#1
Alright, I'm one of two vocalists in my band, and recently I finally got a mic and stand. It has a 1/4 jack too, so most stuff should work with it. To get to the point, neither myself or anyone else in the band has or can afford a PA. I do have an old SS amp that had passable cleans though, and if that wouldn't work, one of my bands other guitarists(yes, we have three) has an old two-input Kustom 100W. Could I use one of them for the mic?
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#2
im not 100% sure but i dont think u can use a mic with a guitar amp cus of the frequencys
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#3
yeah.clean channell...a bit boosted mids and yeah just eq from there. dont use too much gain
(therefore clean channel)
#5
Quote by corey3815
I always used the clean channel for vocals on a spare SS amp we had at band practices. Since you've got the 1/4 jack, it'll work.



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#6
Thats what my singer does. Some amps will feedback more than others though. Cut the treble (helps w/ feedback) and stand BEHIND the amp, if possible. If you still have problems, stick a pillow in the back of the amp.
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#7
be careful and dont hold one hand on your guitar and grab the fencing on the mic.... i know before i had my pa that always gave me a nice little dose of shock therapy lol but it worked other than that
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#8
A guitar amp can not handle all the frequencies that a P.A system can. The amp can blow.
#9
Make sure to have a pop screen on the mic, use an EQ pedal if you have one to cut the low range down, you should be fine.
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#10
Quote by jamesfarr
A guitar amp can not handle all the frequencies that a P.A system can. The amp can blow.

That's ridiculous. I can and have run a bass, a guitar, and a harmonica through the same head (2 different cabs), and it works fine.

And the human voice is well within the range of guitar speaker frequency capabilities.

BTW, what do you think the old blues guys used for vocals? Old tube guitar amps. That's part of the reason why the vocals have that reverb and grit on them.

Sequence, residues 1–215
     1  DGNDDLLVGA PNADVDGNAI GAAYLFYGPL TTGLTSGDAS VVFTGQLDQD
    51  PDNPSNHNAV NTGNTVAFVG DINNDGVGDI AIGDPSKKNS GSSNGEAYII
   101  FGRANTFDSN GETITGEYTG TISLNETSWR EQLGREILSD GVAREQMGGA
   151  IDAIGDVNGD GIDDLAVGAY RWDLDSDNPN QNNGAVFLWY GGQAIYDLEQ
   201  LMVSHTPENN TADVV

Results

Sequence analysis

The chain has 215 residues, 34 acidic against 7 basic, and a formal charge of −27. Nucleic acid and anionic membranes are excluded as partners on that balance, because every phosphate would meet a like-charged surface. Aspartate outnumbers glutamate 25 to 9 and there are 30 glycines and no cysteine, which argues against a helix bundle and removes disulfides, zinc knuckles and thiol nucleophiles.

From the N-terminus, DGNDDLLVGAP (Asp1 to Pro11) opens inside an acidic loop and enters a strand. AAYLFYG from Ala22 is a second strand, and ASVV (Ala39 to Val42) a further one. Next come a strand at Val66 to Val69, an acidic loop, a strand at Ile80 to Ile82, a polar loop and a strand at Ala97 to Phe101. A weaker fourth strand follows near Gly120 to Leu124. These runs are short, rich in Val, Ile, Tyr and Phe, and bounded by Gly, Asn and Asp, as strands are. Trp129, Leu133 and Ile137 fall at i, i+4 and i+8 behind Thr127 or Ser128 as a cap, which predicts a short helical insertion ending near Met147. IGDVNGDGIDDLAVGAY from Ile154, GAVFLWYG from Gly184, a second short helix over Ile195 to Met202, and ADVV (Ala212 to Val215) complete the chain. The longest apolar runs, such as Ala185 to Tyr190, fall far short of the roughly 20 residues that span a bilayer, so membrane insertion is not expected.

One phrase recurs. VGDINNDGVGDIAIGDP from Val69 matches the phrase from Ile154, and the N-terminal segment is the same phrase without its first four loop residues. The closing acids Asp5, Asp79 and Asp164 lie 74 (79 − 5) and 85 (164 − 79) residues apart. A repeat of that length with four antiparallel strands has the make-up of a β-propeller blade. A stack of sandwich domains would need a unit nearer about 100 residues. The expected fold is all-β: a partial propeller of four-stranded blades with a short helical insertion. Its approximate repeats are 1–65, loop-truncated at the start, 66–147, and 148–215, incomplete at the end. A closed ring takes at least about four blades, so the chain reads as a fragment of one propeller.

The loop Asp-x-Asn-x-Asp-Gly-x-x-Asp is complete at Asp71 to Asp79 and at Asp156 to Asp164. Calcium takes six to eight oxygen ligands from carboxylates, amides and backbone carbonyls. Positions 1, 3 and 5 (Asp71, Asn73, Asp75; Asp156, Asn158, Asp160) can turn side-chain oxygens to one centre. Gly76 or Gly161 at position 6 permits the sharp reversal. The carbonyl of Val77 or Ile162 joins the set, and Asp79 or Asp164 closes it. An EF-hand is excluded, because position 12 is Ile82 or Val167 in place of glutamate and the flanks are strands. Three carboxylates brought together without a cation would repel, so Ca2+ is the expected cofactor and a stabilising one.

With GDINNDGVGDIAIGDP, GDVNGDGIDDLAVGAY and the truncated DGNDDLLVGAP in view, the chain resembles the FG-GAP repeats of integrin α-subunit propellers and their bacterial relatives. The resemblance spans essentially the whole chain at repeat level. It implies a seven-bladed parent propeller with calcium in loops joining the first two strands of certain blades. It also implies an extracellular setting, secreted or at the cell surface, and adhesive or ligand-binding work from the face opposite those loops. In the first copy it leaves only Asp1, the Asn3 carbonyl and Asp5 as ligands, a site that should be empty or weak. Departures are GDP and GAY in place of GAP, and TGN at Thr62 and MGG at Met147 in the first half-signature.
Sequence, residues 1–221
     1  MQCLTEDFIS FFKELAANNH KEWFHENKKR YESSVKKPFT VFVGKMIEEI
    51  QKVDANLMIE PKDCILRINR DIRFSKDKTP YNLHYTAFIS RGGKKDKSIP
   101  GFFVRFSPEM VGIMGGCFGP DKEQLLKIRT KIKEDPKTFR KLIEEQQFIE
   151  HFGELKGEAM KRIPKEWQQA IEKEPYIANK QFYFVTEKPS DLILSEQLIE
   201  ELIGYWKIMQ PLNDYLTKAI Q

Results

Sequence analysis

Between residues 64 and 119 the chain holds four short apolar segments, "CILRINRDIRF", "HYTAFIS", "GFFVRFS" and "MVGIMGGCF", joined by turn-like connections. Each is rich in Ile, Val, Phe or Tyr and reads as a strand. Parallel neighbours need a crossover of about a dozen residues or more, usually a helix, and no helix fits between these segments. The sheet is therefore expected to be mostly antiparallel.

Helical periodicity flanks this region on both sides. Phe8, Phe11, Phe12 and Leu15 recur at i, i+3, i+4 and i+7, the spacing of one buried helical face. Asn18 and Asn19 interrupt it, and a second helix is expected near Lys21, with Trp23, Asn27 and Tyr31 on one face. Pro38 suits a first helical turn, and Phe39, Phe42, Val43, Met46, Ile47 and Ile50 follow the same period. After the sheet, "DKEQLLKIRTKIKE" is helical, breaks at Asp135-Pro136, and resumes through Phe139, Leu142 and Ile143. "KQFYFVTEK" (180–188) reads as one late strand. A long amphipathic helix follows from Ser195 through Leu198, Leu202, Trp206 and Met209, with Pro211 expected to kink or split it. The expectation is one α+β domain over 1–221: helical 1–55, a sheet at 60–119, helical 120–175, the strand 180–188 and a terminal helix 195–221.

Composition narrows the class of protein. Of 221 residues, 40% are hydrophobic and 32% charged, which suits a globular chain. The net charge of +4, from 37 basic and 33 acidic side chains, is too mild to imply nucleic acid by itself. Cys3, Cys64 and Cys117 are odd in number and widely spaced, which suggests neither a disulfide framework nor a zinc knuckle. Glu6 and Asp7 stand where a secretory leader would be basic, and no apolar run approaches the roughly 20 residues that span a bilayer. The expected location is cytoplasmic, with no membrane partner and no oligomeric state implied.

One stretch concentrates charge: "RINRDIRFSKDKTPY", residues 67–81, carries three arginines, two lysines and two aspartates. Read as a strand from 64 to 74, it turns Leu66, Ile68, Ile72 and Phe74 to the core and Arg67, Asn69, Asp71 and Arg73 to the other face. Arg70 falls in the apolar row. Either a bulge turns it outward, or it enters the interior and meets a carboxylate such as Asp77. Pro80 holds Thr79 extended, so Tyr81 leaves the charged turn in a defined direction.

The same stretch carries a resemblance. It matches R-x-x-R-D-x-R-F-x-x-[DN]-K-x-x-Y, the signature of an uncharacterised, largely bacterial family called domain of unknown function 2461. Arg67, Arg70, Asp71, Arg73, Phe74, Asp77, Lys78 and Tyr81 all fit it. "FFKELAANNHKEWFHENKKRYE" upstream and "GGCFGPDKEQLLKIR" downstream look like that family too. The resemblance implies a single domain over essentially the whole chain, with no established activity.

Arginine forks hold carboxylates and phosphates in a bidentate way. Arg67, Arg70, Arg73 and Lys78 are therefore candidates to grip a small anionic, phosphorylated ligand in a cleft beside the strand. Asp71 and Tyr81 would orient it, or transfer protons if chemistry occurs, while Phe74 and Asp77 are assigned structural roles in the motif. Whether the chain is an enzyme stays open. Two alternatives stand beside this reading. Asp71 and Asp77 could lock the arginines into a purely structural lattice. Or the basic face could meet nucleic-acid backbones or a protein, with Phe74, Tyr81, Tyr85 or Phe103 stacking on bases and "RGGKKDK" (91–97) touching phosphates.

Also: Look up the Fender Deluxe woody amp. The inputs are labeled: Microphone, Instrument 1, Instrument 2.

Also, the Ampeg Gemini has an accordion input, just for extra food for thought.

So, yes you can use a guitar amp for vocals. I've done it, and it works out nicely, IMO. Especially for a grittier sound (if you use a lower wattage amp).
#11
Quote by imgooley
That's ridiculous. I can and have run a bass, a guitar, and a harmonica through the same head (2 different cabs), and it works fine.

And the human voice is well within the range of guitar speaker frequency capabilities.

BTW, what do you think the old blues guys used for vocals? Old tube guitar amps. That's part of the reason why the vocals have that reverb and grit on them.

Also: Look up the Fender Deluxe woody amp. The inputs are labeled: Microphone, Instrument 1, Instrument 2.

Also, the Ampeg Gemini has an accordion input, just for extra food for thought.

So, yes you can use a guitar amp for vocals. I've done it, and it works out nicely, IMO. Especially for a grittier sound (if you use a lower wattage amp).

It's not ridiculous. A bass through a guitar amp can blow it.
#12
Quote by jamesfarr
It's not ridiculous. A bass through a guitar amp can blow it.

It can blow guitar speakers. Not the amp itself.
#13
Our band has a sound desk which all of the amps are linked to and we plug the mic in and send it to the guitar amps and its fine. Sound desk improves the quality.
#14
Quote by imgooley
It can blow guitar speakers. Not the amp itself.

Thats what I meant.
#15
It will work but depending on the amp could sound like crap. You might want to look into a cheap keyboard amp, they should have a better range and probably better cleans than your guitar amp.
#16
Quote by Smcash
It will work but depending on the amp could sound like crap. You might want to look into a cheap keyboard amp, they should have a better range and probably better cleans than your guitar amp.

Yeah keyboard amp sounds good. A guitar amp may distort easily with vocals coming through it.
#17
You can do it but it's not ideal, we did it in a band I used to be in. You have to be very careful with mic placement to reduce feedback (generally vocal mics have cardioid pickup patterns which means they won't pick anything up from directly behind, so point the mic away from the amp, as if you were on-stage and it was in your backline). You'll need a very loud amp too, vocals don't cut through as much as guitar if it's coming out of a guitar amp.
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#18
A keyboard or bass amp will work better, but a guitar amp should be fine
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